Kubernetes Implementations: The Good, the Bad and the Ugly

13 Oct 2017 9:00am, by

[In this excerpt from The New Stack’s ebook The State of the Kubernetes Ecosystem, research director Lawrence Hecht asks readers to assess the challenges they may be facing in adopting Kubernetes in production for their organizations, and how they may be responding to them.]

Kubernetes’ perceived edge in the container orchestration market, as young as that market is today, is neither definitive nor definite. Its survival may yet depend on competitors’ ability to match customers’ expectations for the essential requirements for orchestration. In the future, enterprises may look for solutions that are bundled or included with larger platforms, or they may simply accept those solutions once they’ve discovered they were already bundled with the platforms in which they’ve already invested.

The Kubernetes development community needs to address the inhibitors to its adoption, especially among evaluators who have yet to commit.

Inhibitors and Obstacles

As we’ve seen, agility is more important to people who evaluated Kubernetes in the past but chose another path. We explicitly asked this group, along with the group currently evaluating Kubernetes but not having yet committed to it, what is inhibiting their adoption?

We gave these groups a list of four categories of adoption inhibitors and asked them to rate each one on a five-point scale, ranging from “To a great extent” to “Not applicable.” The complexity of Kubernetes implementation was inhibiting adoption to a great extent for 36 percent of respondents. Some three respondents of four in these subgroups cited complexity as an important inhibiting factor to some degree. Yet concerns about complexity were more pronounced among those whose organizations had evaluated and rejected Kubernetes.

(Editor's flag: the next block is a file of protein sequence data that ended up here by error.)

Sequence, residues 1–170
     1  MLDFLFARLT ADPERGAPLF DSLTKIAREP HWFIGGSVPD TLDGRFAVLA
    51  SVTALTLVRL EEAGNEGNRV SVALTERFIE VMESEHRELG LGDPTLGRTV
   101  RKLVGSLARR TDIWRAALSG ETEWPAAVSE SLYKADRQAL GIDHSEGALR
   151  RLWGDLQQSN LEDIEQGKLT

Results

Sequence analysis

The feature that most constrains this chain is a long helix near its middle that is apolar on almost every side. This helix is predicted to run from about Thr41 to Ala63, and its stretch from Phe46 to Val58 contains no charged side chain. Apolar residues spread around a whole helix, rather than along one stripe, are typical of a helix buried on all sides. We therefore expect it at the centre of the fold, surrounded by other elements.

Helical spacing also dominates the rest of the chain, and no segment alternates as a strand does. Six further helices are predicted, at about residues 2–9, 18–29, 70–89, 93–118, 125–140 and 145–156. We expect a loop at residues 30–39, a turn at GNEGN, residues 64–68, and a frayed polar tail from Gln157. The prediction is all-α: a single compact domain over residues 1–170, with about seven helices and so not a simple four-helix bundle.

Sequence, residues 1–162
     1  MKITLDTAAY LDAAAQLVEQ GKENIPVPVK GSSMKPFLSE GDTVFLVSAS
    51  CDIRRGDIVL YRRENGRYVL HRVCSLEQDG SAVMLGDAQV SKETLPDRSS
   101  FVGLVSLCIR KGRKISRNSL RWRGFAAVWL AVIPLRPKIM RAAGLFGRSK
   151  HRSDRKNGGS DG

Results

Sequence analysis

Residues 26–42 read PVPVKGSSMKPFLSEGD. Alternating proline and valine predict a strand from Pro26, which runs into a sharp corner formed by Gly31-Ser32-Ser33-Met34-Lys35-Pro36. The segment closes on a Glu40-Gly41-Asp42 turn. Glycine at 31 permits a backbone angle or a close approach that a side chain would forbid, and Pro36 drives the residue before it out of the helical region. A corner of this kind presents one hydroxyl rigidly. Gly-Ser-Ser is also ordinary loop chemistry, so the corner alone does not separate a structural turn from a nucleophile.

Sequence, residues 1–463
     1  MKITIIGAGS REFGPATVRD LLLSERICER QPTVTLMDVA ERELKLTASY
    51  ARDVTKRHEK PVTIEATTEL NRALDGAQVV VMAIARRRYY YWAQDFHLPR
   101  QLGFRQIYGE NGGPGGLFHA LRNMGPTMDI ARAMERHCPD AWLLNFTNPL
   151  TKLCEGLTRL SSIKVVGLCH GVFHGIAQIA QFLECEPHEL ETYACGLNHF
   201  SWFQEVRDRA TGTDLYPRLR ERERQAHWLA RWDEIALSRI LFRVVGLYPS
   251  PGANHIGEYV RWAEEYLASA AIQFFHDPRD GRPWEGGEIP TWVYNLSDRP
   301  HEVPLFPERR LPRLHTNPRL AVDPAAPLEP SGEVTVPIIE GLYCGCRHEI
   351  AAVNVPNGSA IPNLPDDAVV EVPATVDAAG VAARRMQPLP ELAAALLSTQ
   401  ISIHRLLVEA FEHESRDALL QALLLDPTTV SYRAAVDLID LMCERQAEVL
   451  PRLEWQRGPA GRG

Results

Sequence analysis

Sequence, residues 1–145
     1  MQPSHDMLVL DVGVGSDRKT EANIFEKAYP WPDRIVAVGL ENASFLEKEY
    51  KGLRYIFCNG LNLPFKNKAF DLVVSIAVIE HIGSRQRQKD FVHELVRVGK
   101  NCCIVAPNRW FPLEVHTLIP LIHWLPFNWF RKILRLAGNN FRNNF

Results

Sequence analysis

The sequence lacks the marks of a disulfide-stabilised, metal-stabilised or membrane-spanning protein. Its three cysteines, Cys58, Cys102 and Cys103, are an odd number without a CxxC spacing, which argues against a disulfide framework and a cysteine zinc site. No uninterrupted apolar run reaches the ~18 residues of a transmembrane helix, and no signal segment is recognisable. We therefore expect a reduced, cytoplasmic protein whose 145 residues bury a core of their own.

The other big inhibitor was simply the higher priority for other projects. Some three respondents in five of these subgroups cited higher-priority projects elsewhere as an important concern, with one in three giving Kubernetes’ low priority their highest rating. For these companies, Kubernetes adoption may have to wait until other organizations have found success with it.

One other factor was much less likely to be holding adoption back. Respondents made clear their belief that manual orchestration is not an option, with only seven percent of respondents in these subgroups citing a preference for manual orchestration as their key inhibitor. Of those whose organizations don’t use Kubernetes, 42 percent said manual orchestration was no inhibitor at all. Only 14 percent cited their organization’s use of a competitive solution as a significant inhibitor.

Is Kubernetes’ Reputation for Complexity Deserved?

Kubernetes has acquired a reputation for complexity of implementation, particularly among institutions that have rejected deploying it in production. Is any part of that reputation shared by those organizations that have adopted it?

We asked some questions of adopters to figure this out. To give you a better idea of the extent of this group’s hands-on relationship with implementation, some 78 percent of respondents told us they or their teams were directly responsible for implementing Kubernetes.

Implementation Takes Longer than Expected

We asked these implementers whether their organizations’ implementation of Kubernetes consumed as much time as they initially estimated, or instead more or less time. Some 38 percent of respondents said it took longer than expected, while only 15 percent said it took less time. Complexity may be to blame, if only partly.

For those who said Kubernetes implementation took more time than they expected, the percentage declined as their experience with implementation increased. Specifically, those with broad implementations registered 14 points lower than those just starting their implementation, for taking too much time. This clearly suggests that a good number of implementers — though certainly not all — do feel more comfortable with Kubernetes given time, once they’ve taken the plunge.

One commenter who works in a small business offered this bit of hopeful insight:

  • “[It] took much more time than expected because of the complexity of deploying and managing the K8s cluster, and the poor documentation there was one year ago. Today is much easier.”

While the installation and configuration stages may be causing delays, several commenters explained that organizational dynamics were the biggest time drain. Here are some examples: